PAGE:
In my yarn stash I have some red, green and yellow - voilà - stop light colors!  Also, making 9 pom poms with 3 colors seemed attainable for me, so I went with the stop light theme. You could really do any colors that you have (and nix the stop light theme), this is really just a two-birds-with-one stone kind of way to get rid of some yarn and occupy the kiddo with a fun activity. 

In essence: Two bowls are stapled together at the rims with bottoms outward to make what I’ll refer to as a “bucket”.  One bowl is cut along the top so that little hands can stuff the color-matching pom-pom into the color-matching bucket (aka color sorting). You make three buckets and string them together and there you have it, a stash-busting, pom-pom sorting activity. 

Age Level:

Toddler (Knittin' Little note: Sorting by attribute is an important skill that students are practicing through preschool and into Kindergarten!) 

What we used:

  • Green, red and yellow yarn, approximately 20 g of each, and a little extra for yarn scrap in the color of your choice. 
  • Pom-pom maker (affiliate link)
  • 6 paper bowls
  • Stapler with staples
  • Green, red and yellow markers
  • Poster tack
  • Hole punch
  • Scissors 

Make your buckets: 

  1. First, have your child color on the bottom side of one bowl with a red marker.  If he or she can’t color the entire bottom of a bowl (like mine), no worries, just encourage him/her to color enough to recognize which color should be sorted into that bucket.  
  2. Then check out the artwork on the bottom of the bowl and pick the area where you want to cut an opening. More specifically, measure 2” from the top and make a mark so that you’ll have an idea of where the cut should be made.  Then cut across the top of the bowl to create an opening.  
  3. Choose an unmarked bowl to be the backside of the bucket.  Take the cut/red-colored bowl and match the rim together with the unmarked bowl, then staple the two bowls together with the bottoms facing outward. I used only two staples on each side of the bucket along the rim.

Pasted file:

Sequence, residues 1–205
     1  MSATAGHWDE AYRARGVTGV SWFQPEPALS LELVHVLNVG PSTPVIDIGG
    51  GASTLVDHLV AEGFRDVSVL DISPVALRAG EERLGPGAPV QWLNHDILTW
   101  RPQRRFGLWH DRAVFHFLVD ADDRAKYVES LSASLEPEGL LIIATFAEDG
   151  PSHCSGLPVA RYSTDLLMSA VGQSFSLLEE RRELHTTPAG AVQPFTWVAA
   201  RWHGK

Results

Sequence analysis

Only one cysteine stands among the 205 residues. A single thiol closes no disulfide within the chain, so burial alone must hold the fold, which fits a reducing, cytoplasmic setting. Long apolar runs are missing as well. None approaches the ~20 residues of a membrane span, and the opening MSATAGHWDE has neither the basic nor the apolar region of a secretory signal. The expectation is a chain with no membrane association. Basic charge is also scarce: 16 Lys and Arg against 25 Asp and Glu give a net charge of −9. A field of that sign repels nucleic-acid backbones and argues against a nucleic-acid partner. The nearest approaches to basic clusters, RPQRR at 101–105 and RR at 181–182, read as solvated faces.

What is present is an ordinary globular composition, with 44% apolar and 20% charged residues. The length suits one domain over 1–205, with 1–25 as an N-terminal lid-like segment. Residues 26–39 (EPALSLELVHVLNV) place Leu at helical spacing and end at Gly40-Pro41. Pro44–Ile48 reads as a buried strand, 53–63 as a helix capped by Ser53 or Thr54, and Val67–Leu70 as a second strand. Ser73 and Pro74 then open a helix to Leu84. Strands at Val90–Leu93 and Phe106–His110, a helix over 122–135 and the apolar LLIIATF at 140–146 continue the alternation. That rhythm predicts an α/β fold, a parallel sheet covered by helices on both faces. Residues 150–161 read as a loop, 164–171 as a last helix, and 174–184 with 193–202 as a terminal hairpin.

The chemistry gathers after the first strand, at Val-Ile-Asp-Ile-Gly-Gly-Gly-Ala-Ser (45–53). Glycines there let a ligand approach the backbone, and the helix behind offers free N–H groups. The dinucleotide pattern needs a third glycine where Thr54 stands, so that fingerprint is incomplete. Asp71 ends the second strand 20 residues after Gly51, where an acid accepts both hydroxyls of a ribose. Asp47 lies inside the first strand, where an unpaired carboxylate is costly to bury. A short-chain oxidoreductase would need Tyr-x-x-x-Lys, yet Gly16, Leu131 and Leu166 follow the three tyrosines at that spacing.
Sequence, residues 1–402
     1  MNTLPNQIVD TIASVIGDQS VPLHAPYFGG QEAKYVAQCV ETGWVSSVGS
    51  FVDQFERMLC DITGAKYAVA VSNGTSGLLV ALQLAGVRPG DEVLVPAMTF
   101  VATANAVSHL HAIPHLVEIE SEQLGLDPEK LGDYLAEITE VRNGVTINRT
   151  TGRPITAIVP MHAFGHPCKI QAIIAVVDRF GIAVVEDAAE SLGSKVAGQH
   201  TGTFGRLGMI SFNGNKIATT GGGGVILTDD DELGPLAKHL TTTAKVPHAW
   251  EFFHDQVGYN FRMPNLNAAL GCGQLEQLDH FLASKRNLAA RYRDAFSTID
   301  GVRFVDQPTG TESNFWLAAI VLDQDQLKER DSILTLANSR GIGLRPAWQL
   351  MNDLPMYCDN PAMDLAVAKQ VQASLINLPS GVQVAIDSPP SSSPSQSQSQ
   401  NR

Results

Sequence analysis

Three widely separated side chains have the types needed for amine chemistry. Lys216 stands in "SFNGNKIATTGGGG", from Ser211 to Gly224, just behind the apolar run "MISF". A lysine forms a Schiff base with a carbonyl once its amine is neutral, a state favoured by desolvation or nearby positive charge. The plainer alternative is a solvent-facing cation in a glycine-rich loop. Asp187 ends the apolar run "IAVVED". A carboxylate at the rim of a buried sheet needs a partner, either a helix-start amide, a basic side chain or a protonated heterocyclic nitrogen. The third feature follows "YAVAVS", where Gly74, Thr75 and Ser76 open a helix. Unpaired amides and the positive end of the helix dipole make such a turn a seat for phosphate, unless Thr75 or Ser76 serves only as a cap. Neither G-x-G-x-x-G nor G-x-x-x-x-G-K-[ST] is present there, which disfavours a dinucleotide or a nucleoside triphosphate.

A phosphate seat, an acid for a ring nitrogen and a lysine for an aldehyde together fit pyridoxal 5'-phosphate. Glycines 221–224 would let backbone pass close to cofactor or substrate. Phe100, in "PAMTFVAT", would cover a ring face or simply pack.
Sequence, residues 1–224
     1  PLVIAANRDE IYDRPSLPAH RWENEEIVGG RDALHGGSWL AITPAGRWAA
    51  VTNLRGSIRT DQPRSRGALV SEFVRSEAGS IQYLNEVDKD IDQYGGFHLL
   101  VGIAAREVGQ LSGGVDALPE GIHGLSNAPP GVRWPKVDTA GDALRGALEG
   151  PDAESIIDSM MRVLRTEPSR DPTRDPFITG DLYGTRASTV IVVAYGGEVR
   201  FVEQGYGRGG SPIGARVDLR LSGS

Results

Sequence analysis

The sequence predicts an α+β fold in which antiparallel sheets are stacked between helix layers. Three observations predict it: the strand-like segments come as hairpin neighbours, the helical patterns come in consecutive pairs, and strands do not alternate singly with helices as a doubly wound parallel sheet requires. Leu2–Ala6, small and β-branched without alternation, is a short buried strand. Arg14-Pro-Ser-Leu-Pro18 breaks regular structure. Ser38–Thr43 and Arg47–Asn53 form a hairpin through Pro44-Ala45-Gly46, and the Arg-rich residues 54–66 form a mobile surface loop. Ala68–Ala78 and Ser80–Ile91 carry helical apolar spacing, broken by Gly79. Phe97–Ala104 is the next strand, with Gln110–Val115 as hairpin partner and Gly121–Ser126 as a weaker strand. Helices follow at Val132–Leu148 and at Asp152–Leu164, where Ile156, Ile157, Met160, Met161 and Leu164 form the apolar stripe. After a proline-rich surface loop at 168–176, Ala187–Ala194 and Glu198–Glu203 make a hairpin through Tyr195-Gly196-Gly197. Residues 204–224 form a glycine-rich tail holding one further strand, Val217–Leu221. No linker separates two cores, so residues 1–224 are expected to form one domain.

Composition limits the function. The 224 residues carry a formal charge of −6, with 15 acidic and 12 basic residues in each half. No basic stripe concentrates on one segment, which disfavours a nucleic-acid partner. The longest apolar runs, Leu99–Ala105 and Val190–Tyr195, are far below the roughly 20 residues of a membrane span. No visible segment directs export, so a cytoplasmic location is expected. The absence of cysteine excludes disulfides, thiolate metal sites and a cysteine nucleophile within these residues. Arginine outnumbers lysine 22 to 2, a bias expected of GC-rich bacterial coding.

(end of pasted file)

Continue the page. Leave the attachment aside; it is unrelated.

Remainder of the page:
4. Punch a hole at the very top of the bucket and punch a matching hole at the very bottom of the bucket. 
  • Repeat steps 1-4 Substituting a yellow and then green marker to make yellow and green buckets. Now you have your three buckets: red, yellow and green.

Pom-poms: 

  • I am in love with my pom-pom maker and for this project I made my 9 pom-poms with a small pom-pom maker; 3 pom poms for each color.  Use approximately 5g of yarn for each pom pom.  If you do not own a pom-pom maker and want to try to make a pom-pom here is a helpful video tutorial by Bernat Yarns: https://www.youtube.com/watch?v=lSFZ42uq6x4

Assembly: 

  • Cut a 11” piece of scrap yarn in your choice of color with which to hang your pom pom stoplight. Then cut that 11” piece of yarn into 3 separate and smaller pieces: 1 piece – 5” long and 2 pieces – 3” long each. 
  • The red bucket is placed on top. With the 5” long piece of scrap yarn, thread the yarn through the top hole of the red bucket.  Secure the ends of the yarn with a tight knot. 
  • Take a 3” piece of yarn and thread it through the bottom hole in the red buck and through the top hole of the yellow bucket, and then secure it with a tight knot. 
  • Take another 3” piece of yarn and thread it through the bottom hole in the yellow bucket and through the top hole of the green bucket, and then secure it with a tight knot.
  • Optional: Place a little piece of poster tack on the back of each bucket to hold the buckets in place along the wall. Not crucial, but a nice touch. 

Hang your creation with the yarn attached to the top of the red bucket, we used a wall tack to secure it to the wall. Get sorting! 

If you make this activity with your littles, be sure to share it with us on Instagram using #knittinlittle or tagging us @knittinlittle.